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The Humble Gardener

At University of Illinois Extension, our volunteers are at our core. Hear their voice on this volunteer driven blog.
green tomatoe

Gleaning the Garden


Chip and I reluctantly admitted that the beautiful fall weather we had been enjoying must inevitably come to an end, and with this thought in mind, we ventured outside last weekend to finish the last of the gardening cleanup. Accompanied by two dogs and an aging tiller, we headed out to finish this year's harvest and put the vegetable gardens to bed. Birds waited patiently near empty feeders, squirrels chittered, combines worked in a nearby bean field, and the sun warmed us. Not bad conditions for the task at hand.

I started on the tomato section of the hill, tossing green and red tomatoes in a carton, pulling the framework that we use to tie our tomato plants, and making sure the strings and clips were tucked away in a corner of the carton, safe from the tiller's tines. I removed the plants. Chance, the old dog, plopped next to me, sniffing at tomatoes. Sighing disdainfully, he settled down for a nap while the morning sun beat down on him. Even though he was in the way, he has seniority and tenure. His snoring filled the air.

In another part of the garden, Chip fired up the tiller and began to till the potato patch. Ike, the younger dog, stood poised, ready to respond to any move Chip made. (Ike looks at Chip like Nancy used to gaze at Ronald Reagan, adoration and attention focused totally on Chip.) I finished the tomatoes and moved to the pepper patch.

This year we planted a scorching hot variety (tongue numbing; maybe my dentist could use it in lieu of Novocain), purple bell peppers, and paprika peppers among the old standbys. I picked them, washed them, and put them in an open weave pan and put them on the smoker next to ribs smoking for our dinner. After a couple of hours, we will put them in the dehydrator and let them dry for a couple of days, then put them in the food processor-sans stems- and pulverize them. A judicious half teaspoon transforms a dull entree into a delicious dinner. Chance slept on, Ike guarded Chip, the smoker smoked, and the sun shone down.

As I carried plants to the weed pile, I passed the empty feeders. The chilly air reminded me that the birds expected refills, so I grabbed the feeders and went to nearby trash cans-metal to deter the pesky squirrels-and served up a tasty breakfast of millet, milo, and sunflower seeds.

I started in on the eggplants. We love this vegetable and always plant different varieties. I gleaned the last of them and pulled the plants, mentally thinking of the side dish to serve with Chip's ribs. I was dimly aware that Ike had left Chip and was staring intently towards the bottom of the hill. I laughed as I saw two squirrels dangling from the shepherd hooks, focused intently on the sunflower seeds in the feeders. The great Wallendas they weren't. I returned to my task.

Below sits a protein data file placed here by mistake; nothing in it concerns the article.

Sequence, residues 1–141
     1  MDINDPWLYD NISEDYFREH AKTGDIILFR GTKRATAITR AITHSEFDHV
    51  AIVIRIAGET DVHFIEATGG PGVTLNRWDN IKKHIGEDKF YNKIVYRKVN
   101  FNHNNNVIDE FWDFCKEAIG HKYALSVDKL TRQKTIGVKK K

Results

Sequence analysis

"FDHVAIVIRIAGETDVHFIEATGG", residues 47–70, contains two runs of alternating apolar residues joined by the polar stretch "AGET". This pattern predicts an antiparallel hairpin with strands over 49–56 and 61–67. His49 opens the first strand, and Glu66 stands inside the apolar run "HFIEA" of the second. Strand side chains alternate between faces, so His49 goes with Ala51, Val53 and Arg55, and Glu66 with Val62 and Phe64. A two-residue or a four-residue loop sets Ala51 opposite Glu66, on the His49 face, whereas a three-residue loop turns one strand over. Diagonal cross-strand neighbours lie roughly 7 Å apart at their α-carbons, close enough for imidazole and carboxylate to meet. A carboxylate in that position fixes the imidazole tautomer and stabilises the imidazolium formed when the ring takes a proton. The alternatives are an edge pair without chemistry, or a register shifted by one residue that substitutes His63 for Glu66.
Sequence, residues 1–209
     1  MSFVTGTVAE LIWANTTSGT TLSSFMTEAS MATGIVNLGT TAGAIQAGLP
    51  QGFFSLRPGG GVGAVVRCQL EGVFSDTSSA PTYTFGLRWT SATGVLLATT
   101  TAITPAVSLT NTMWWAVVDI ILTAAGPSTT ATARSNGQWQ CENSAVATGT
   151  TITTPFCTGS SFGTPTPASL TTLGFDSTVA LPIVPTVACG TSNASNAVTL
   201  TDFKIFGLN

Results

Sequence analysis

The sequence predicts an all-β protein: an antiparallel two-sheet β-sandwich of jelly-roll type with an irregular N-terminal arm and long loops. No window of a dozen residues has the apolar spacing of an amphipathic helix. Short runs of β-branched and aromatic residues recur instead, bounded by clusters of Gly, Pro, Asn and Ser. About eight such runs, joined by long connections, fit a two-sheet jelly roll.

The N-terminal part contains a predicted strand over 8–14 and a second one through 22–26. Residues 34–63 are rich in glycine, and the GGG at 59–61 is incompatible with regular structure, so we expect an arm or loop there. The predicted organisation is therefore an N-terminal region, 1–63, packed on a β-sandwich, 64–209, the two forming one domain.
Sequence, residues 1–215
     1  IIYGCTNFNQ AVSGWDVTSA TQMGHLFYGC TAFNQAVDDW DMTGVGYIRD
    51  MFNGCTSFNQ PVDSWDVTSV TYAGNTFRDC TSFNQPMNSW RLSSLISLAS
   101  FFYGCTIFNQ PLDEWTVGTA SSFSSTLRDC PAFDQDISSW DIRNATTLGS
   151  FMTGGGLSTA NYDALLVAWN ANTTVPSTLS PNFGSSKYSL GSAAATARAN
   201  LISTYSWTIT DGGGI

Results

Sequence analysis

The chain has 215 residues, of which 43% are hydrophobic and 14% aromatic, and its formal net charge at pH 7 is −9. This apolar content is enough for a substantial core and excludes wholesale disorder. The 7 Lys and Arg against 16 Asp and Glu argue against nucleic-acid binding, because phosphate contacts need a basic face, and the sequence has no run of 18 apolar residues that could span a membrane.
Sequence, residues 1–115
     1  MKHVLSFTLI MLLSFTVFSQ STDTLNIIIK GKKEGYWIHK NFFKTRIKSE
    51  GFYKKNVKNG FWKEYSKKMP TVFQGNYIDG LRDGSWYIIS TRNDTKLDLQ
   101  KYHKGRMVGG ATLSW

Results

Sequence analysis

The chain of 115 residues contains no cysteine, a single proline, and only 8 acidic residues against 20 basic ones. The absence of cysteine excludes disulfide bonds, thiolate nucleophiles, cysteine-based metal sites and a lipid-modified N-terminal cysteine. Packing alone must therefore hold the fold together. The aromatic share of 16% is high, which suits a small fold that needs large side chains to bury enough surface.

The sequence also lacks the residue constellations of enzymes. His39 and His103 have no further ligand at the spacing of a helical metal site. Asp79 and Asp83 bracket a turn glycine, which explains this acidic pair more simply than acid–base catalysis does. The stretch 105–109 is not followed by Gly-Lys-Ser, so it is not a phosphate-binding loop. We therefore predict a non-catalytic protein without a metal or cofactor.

I saw a blur of white in my peripheral vision, watched as a mass of sparrows rose from the feeders, and saw a small squirrel head disappear into Ike's huge mouth. Ike whirled and raced up the hill. I started after him, tripping over Chance, yelling for Ike to stop, fearful of traffic if he got to the road. Chance raised his head, saw the squirrel tail, and apparently thought that was more enticing than peppers and tomatoes. He joined the parade. Chip looked up, saw the three stooges (and the squirrel) racing up the hill, and shut off the tiller.

We all reached the top of the hill and saw Ike innocently standing in the middle of a mowed lot. I finally had enough breath to explain to Chip what I had seen. Chip called Ike to him, and he reluctantly came. "Fetch it up," Chip commanded. Ike looked at Chip, pretending he had never heard that command before. I started laughing. Meanwhile, Chance's long unused hunting instincts had him heading for the tall grass bordering the mowed lot. Ike whirled, raced past Chance, dashed into the grass, emerging with his squirrel. He started across the road, escorted closely by Chance, but then turned reluctantly and returned to Chip.

If dogs could talk…it was clear to me that Ike was thinking perhaps Chip should hang around the feeders and get his own squirrel. Ike cast a nervous glance at me; I assured him that he could have all the squirrels in the county for himself. We Chicago folks like our meat wrapped in plastic on foam trays. We all started down the hill, everyone happy except for Ike. And the squirrel.

Chip fired up the tiller, Chance found a new sun spot, Ike stared at the feeders. This city kid was thankful for ribs for supper.

Knox Master Gardener

Sandra DePalma-Odell


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